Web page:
Wolf Richter writes:
Steps in the Fed, and trillions of dollars get printed and handed to Wall Street, and asset prices become airborne, and Wall Street jumps into the housing market and buys up hundreds of thousands of vacant single-family homes, drives up prices, and armed with free money, shoves aside first-time buyers and others who would actually live in these homes, and turned them instead into rental units. Now in over 1,000 cities, prices are, or soon will be, as high as they were at the peak of the last housing bubble.
The difference? Last time, all that craziness was called a “bubble” with hindsight. This time, it’s called a “housing recovery.”
If you are planning to buy now and catch the rising market you should read this and think 2006…
Long time AASEW member, Attorney Cheryl Baraty passed away yesterday after a difficult battle with cancer. Many times I thought she would win the fight.
Cheryl represented quite a few of our members in eviction court and other actions, as being active with the Association in some legislative battles. She was a close friend to former board member Kim Queen.
One of her more interesting achievements was finding that the Department of Neighborhood Services (building inspection) court section was “robo signing” court docs long before anyone noticed that banks were doing it also. That resulted in a number of cases being dismissed.
Bloomberg reports on a case in CA where Deutsche Bank is being sued for evicting the tenant of a foreclosure in violation of the federal Protecting Tenants at Foreclosure Act of 2009
Rothschild, legal director at the Western Center on Law and Poverty, said the January ruling established that tenants can take owners who acquire properties through foreclosure to state court for violating protections Congress afforded renters under the 2009 Protecting Tenants Against Foreclosure Act. The law doesn’t give renters the right to sue in federal court.
An attorney for the United Trustees Association states:
The overly broad decision may lead to a proliferation in lawsuits for breach of the lease imposed upon purchasers at a foreclosure sale. With no prior knowledge, a purchaser at a foreclosure sale now may be burdened with a lease with unlimited combinations of potential contractual obligations ranging from unilateral renewal rights to mandatory substantial improvements to the property.
All of this could make buying an occupied or recently vacated unit a dicey situation.
Perhaps not, especially if your tenant is on a HUD lease such as Section 8.
In an April 11th, 2014 opinion a NY Appellate Court ruled against the landlord in the eviction case, finding that an arrest for possession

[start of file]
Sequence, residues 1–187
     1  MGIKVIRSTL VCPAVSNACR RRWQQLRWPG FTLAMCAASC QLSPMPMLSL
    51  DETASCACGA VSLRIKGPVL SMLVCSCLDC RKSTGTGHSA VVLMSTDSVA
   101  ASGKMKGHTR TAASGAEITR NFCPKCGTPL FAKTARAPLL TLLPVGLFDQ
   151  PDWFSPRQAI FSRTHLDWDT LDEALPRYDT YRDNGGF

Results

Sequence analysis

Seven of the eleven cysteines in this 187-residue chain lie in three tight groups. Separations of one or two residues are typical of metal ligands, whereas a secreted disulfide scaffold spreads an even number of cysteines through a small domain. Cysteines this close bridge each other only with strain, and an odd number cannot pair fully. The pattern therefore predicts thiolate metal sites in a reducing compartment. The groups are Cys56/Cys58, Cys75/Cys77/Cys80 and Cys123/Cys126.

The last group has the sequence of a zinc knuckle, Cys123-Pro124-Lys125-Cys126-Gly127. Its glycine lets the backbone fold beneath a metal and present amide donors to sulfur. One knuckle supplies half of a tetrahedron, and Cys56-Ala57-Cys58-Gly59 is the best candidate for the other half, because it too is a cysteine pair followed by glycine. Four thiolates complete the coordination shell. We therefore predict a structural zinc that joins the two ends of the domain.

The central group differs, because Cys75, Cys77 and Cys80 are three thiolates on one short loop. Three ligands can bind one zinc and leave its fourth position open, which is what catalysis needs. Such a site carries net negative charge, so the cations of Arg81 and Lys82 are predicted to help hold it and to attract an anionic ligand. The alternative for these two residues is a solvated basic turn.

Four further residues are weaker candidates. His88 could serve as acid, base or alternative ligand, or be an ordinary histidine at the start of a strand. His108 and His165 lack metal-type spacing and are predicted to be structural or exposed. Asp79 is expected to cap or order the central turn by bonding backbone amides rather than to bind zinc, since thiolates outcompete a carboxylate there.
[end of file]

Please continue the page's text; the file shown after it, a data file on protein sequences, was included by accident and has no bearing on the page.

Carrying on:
“was insufficient to meet its burden of showing that tenant engaged in “drug related criminal activity,” a term defined under governing federal regulations as “the illegal manufacture, sale, distribution, or use of a drug, or possession of a drug with intent to manufacture, sell, distribute or use the drug” (24 CFR 5.100).”
It is difficult to believe, but the court did not view the tenant’s possession to be an intent to at least use the drugs.
Vox Explains that Donald Sterling was accused of housing discrimination as well as all that NBA stuff, with the reported parts of fines and settlements in the millions. One described as “one of the largest ever discriminatory housing case.” If you had doubts on the authenticity of the claims, this story seems to put an end to them.
In 2004, Sterling was sued by the Los Angeles Housing Rights Center for discriminatory rental practices. After buying the Ardmore Apartments complex, he attempted to force out minority tenants by refusing to do repairs and refusing rent checks, then accusing them of nonpayment. When told that a 66-year-old, legally blind, partially paralyzed tenant named Kandynce Jones wanted to be reimbursed for the damage to her flooded apartment, he reportedly said, “Just evict the bitch.”
The case brought by the Housing Rights Center was eventually settled for an undisclosed sum. The plaintiffs were reimbursed $4.9 million for their legal fees, and the judge described the total judgement as one of the largest ever in a discriminatory housing case.
In 2006, Sterling was sued by the Department of Justice after he allegedly refused to rent to Mexican-Americans and African-Americans in his apartment complexes, reportedly saying that “Black tenants smell and attract vermin.” Sterling paid $2.73 million to settle the suit.